NEWS
By Joe Graedon and Teresa Graedon and Joe Graedon and Teresa Graedon,Special to the Sun; King Features Syndicate | June 25, 2000
Q. I'm taking aspirin for my heart and ginkgo to help boost my memory. My wife says you have written that this combination is risky. Can you tell me more, so I can decide whether to continue? A. We worry that ginkgo and aspirin could interact to increase the risk of bleeding. Although there have been several cases of hemorrhage with this combination, there has not been a study to determine the significance of this possible complication. In their column, Joe and Teresa Graedon answer letters from readers.
FEATURES
By Joe Graedon and Dr. Teresa Graedon and Joe Graedon and Dr. Teresa Graedon,King Features Syndicate | April 19, 1994
You might think that a drug that has been around for nearly 100 years would hold no surprises. But new discoveries about aspirin never fail to amaze us.Although many people have turned to other drugs like Tylenol or Advil for pain relief, recently published research suggests that aspirin -- the cheapest drug in the pharmacy -- may help to prevent some of the most common cancers. In addition, tantalizing preliminary reports hint that aspirin or similar anti-inflammatory agents such as Indocin could help delay the onset of Alzheimer's disease.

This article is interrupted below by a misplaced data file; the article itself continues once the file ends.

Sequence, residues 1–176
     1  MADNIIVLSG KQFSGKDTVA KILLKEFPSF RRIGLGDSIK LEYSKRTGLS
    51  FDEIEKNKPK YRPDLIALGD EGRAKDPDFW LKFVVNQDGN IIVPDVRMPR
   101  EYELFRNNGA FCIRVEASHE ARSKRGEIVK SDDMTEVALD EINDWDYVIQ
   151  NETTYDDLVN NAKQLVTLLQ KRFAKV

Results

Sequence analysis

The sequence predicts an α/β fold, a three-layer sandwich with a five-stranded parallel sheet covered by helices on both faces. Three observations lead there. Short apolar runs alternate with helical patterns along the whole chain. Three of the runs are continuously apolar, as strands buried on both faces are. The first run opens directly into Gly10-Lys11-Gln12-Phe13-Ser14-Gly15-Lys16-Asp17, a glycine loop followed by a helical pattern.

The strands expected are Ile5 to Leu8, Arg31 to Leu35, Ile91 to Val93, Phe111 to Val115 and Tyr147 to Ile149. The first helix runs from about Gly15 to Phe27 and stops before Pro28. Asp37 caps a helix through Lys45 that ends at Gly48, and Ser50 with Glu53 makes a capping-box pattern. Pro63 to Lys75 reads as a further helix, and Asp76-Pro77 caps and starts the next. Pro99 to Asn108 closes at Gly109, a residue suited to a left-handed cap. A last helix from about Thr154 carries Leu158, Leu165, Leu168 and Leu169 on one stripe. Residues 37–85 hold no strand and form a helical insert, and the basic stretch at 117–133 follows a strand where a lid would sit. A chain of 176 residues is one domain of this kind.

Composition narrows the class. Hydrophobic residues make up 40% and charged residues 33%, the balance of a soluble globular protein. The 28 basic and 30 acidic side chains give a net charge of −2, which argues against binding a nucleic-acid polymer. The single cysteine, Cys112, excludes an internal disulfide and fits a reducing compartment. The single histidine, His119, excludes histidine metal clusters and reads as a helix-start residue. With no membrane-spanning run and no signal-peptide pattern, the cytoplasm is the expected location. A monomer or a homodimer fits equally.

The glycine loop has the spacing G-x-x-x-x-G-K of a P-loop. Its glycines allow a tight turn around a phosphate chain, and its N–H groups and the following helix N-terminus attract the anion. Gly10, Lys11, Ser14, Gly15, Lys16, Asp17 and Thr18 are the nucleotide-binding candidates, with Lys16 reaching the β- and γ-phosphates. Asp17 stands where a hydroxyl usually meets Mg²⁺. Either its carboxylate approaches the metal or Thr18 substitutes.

FEATURES
By Ron Kotulakand Jon Van and Ron Kotulakand Jon Van,Chicago Tribune | December 18, 1990